“I don’t really have any incentive to go outside,” Woldetatyos said. “First of all, it’s not safe. Second, I know people that have the coronavirus and are still recovering from it. And third, more time is necessary in order to truly flatten curves. I think the risk is still there.”

India Nelson ’20 added that she worries about the moral implications of the protests to re-open the economy. She believes that while people have the liberty to protest and put themselves in harm’s way, they should not have the right to cause harm to more vulnerable individuals, who may not have that same choice. This brings up the question of who should be able to make what kinds of decisions.

“Certain people who aren’t involved in the decision-making process may bear the brunt of a decision that opens up the economy,” Nelson said.

When asked about whether we will see a “new normal” when the economy reopens, Cho and Woldetatyos both predicted that the level of human contact in society will significantly decrease.

“I’ve been hearing rumors go around that hand shaking is going to be abolished, which I certainly don’t mind,” Woldetatyos said.

Even though so much remains uncertain, students are making plans for the future. Cho, who recently lost the chance to experience a traditional sophomore summer, is looking forward to getting back to Hanover.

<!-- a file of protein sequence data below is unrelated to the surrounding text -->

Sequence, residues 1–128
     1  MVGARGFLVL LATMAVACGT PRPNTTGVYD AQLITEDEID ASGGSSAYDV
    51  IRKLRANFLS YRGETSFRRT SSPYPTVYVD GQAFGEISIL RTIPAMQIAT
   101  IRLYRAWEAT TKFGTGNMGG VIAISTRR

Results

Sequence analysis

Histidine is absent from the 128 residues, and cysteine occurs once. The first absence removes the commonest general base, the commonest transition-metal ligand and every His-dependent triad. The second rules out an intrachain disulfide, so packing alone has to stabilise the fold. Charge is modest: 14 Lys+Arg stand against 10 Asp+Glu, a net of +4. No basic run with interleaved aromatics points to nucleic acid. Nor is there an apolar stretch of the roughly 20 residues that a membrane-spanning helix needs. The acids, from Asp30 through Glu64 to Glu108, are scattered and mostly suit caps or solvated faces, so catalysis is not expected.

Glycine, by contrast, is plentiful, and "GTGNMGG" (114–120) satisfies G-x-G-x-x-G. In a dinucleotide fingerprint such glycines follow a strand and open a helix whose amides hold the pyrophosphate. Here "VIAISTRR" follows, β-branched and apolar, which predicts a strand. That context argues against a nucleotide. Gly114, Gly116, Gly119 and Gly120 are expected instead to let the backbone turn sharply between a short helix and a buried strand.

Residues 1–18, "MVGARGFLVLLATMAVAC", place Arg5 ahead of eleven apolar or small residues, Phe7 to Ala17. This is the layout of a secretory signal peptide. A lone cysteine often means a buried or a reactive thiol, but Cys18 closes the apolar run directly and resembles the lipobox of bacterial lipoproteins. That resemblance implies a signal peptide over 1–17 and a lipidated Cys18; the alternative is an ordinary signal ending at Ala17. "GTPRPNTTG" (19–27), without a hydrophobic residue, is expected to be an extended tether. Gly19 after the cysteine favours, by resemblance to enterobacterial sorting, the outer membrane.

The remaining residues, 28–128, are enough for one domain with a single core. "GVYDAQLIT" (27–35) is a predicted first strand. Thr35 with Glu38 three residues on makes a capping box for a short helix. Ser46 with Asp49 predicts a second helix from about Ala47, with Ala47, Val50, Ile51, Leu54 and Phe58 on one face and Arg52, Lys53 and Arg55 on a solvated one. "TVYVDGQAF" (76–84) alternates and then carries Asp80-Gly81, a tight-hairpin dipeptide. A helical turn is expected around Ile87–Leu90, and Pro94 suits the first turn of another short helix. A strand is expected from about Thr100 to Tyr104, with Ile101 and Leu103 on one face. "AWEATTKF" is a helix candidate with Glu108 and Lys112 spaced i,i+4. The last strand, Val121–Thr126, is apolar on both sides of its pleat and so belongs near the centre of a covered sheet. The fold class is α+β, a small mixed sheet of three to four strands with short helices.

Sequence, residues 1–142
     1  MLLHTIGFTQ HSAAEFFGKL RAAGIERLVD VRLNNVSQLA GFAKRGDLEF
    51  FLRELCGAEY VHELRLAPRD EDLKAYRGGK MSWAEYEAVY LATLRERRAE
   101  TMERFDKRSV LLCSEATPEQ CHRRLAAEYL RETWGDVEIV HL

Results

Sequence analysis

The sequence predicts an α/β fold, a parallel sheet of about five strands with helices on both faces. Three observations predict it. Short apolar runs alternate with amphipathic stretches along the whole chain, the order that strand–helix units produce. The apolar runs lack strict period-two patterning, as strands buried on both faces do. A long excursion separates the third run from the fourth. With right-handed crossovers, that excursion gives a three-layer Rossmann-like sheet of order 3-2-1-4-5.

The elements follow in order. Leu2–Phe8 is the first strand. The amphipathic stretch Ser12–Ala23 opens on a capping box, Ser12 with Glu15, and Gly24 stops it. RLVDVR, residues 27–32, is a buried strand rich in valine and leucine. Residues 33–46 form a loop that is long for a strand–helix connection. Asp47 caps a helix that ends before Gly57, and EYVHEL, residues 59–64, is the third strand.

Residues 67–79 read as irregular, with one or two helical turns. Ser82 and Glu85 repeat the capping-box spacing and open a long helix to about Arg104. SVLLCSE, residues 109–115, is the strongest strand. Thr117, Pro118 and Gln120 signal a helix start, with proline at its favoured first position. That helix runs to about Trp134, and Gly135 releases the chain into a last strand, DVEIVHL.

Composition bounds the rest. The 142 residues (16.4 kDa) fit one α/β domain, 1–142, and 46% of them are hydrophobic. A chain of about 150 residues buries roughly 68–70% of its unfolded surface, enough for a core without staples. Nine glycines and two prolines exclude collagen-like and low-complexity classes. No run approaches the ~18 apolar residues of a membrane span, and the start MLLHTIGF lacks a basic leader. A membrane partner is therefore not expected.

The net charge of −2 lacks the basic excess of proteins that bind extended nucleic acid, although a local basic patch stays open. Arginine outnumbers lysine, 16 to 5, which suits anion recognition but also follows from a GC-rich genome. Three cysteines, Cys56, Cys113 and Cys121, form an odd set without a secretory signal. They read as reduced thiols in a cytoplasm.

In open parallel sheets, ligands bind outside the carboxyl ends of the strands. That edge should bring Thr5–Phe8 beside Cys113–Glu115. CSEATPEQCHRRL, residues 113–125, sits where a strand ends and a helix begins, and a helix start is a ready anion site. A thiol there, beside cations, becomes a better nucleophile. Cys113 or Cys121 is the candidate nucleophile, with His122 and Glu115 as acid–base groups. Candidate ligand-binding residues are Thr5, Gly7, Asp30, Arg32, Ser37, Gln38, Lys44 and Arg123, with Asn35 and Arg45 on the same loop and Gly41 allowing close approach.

“Certain people who aren’t involved in the decision-making process may bear the brunt of a decision that opens up the economy.”

“Honestly, I would love some Tuk Tuk right now,” Cho said when I asked him what he wants to do when the economy re-opens.

His response begs the question of whether Tuk Tuk Thai Cuisine and other Main Street restaurants will still be there when we return to campus. I would like to think so. There might be partitions between diners, the plates and utensils might all be disposable and it might be a year from now, but I think we will still be able to enjoy a good meal in town.

I also don’t think that the “new normal” will be especially dystopian. So far, social distancing and stay-at-home orders haven’t changed my life drastically. Today, I stare at my laptop screen, I order off Amazon and I avoid people on sidewalks just like I did in 2019. But of course, many Dartmouth students are anticipating a time when they will be able to hang out with their friends, meet their professors in person and even congregate on the Green. 

So what should we do in the meantime?

“Keep your fingers crossed, and get good at Zoom interviews,” is Anderson’s advice.

I couldn’t have said it better myself.